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EDITORIAL: Election officials need to report results sooner

Those seeking to learn the results of last week’s primary needed an extra dose of patience. Election officials must avoid a repeat performance this fall.

Turnout in last week’s election was solid for a primary, but far from spectacular. Statewide, just over 25 percent of voters cast a ballot. Almost 1 million more people voted in the 2020 general election. Here in Clark County, turnout was under 23 percent.

That should have made it easy to count and release election results in a timely manner. Nope.

The polls closed at 7 p.m. The last voter in line cast their ballot just before 9 p.m. But results on the secretary of state’s website were still slow in coming. Some individual county websites did better. Washoe County, however, had technical difficulties, which caused further delays.

This isn’t going to cut it, and election officials need to be preparing now for speedier results this November.

Not releasing results while people stand in line is good policy. Infamously, the major media networks declared Al Gore the winner in Florida while polls were still open in the western part of the state. That seemed to have depressed turnout in those counties, which were more conservative. Absent that bit of misinformation, it’s likely George W. Bush would have won the state by more than a razor-slim margin.

That doesn’t mean there’s nothing to be done. Officials should redouble their efforts to make sure Election Day voters are able to get through their lines quickly and the voting machines are where the voters will be. Even with mail ballots and early voting, a significant number of people will want to vote on Election Day.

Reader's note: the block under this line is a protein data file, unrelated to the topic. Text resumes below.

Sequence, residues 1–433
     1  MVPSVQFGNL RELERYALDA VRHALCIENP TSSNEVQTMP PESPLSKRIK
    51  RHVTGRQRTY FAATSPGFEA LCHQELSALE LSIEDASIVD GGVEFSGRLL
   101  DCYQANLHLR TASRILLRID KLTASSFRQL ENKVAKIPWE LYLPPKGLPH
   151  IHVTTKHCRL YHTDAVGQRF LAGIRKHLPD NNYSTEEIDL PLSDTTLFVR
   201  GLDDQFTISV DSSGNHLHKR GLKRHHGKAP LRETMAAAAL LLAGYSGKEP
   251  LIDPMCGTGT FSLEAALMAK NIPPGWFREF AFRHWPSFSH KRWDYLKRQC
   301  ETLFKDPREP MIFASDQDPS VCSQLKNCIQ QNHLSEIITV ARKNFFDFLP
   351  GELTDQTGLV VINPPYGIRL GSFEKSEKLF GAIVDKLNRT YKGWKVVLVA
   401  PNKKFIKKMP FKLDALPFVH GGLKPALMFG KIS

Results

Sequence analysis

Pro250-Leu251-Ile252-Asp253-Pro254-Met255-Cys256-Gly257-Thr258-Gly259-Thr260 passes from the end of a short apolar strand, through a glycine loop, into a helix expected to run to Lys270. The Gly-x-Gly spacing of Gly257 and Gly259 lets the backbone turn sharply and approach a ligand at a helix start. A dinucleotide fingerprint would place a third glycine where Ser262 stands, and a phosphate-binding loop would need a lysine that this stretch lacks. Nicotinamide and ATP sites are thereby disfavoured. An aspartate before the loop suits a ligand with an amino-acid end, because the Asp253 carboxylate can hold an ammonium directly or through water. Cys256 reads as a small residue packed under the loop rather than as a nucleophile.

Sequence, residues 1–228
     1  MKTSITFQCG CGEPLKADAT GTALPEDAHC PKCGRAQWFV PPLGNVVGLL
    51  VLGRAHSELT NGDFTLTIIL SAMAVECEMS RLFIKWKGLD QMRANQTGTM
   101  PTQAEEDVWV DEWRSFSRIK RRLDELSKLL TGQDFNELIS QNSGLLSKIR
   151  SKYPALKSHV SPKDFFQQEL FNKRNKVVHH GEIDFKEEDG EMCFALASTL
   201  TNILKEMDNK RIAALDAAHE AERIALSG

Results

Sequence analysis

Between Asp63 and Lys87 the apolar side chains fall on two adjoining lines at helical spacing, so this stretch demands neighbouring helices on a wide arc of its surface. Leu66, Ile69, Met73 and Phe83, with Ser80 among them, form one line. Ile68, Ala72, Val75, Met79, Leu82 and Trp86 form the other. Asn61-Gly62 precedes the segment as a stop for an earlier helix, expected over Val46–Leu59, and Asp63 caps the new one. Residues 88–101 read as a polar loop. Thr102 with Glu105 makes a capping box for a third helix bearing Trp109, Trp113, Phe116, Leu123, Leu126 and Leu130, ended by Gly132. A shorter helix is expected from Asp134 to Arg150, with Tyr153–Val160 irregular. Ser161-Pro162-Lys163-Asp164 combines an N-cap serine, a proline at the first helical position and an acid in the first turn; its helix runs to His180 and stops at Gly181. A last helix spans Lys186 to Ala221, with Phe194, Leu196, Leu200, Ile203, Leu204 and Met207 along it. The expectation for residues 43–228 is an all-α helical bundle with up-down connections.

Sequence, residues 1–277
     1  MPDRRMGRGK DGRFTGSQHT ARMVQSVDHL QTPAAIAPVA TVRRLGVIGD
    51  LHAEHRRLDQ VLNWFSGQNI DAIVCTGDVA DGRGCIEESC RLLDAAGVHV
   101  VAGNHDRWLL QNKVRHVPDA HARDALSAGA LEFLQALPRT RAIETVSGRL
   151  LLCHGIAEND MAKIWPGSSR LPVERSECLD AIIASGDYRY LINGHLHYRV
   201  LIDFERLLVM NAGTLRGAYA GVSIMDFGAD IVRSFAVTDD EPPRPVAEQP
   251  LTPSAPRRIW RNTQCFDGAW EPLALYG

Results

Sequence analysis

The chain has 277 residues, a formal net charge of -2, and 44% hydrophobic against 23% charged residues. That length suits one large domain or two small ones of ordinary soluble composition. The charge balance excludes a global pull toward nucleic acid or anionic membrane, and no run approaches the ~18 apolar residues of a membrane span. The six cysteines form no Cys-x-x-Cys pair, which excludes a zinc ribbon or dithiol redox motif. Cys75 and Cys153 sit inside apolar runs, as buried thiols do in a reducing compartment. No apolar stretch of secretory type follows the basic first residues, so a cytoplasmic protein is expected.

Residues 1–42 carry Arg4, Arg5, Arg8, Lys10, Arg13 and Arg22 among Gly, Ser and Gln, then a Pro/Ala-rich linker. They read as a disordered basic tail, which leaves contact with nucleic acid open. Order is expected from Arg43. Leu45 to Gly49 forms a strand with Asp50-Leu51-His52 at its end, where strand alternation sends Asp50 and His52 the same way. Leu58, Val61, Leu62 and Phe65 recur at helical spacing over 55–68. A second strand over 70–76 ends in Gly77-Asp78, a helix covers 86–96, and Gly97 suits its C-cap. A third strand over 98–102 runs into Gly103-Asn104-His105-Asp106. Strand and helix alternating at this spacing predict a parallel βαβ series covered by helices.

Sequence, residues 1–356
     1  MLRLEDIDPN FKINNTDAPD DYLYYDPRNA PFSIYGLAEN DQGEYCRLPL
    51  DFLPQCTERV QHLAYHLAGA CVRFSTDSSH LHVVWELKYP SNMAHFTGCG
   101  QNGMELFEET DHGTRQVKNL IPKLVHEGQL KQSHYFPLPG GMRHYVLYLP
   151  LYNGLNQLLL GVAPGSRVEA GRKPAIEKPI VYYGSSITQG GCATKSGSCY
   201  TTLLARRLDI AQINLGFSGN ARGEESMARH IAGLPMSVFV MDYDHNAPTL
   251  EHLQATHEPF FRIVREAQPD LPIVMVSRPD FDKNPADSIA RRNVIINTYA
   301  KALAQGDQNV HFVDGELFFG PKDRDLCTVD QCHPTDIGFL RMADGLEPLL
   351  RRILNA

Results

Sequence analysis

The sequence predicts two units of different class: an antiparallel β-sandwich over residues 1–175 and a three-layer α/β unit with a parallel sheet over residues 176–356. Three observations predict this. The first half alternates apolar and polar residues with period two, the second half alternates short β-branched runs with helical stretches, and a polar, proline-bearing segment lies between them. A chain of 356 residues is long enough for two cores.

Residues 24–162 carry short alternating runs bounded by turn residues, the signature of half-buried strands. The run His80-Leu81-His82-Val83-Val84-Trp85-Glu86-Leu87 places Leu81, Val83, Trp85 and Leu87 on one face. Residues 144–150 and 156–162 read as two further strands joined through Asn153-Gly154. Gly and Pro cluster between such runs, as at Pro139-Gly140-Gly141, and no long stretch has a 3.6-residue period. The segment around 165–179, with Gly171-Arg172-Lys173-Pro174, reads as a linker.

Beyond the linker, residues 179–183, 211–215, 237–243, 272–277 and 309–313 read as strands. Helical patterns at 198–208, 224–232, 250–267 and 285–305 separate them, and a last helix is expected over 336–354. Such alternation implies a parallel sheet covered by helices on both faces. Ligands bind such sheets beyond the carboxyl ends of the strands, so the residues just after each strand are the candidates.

Technical problems should also be worked out well in advance. It’s reasonable to expect even government employees can create and run functional websites.

There’s another important reason to work the kinks out now. Timely reporting eliminates the information vacuum that gives fodder to conspiracy theorists. There’s a partisan divide in how Nevadans cast their ballots. Democrats overwhelmingly voted by mail, while Republicans preferred in-person voting. Nevada allows the early counting of mail ballots. Those results should be released quickly after the last vote is cast on Election Day.

Secretary of State spokeswoman Jennifer Russell said election officials “are reviewing all practices and procedures to ensure that the initial results of the general election are released in a timely manner.”

Let’s hope so. While few people are likely to remember delays in a primary, it’ll be a much different story if it happens again in November.

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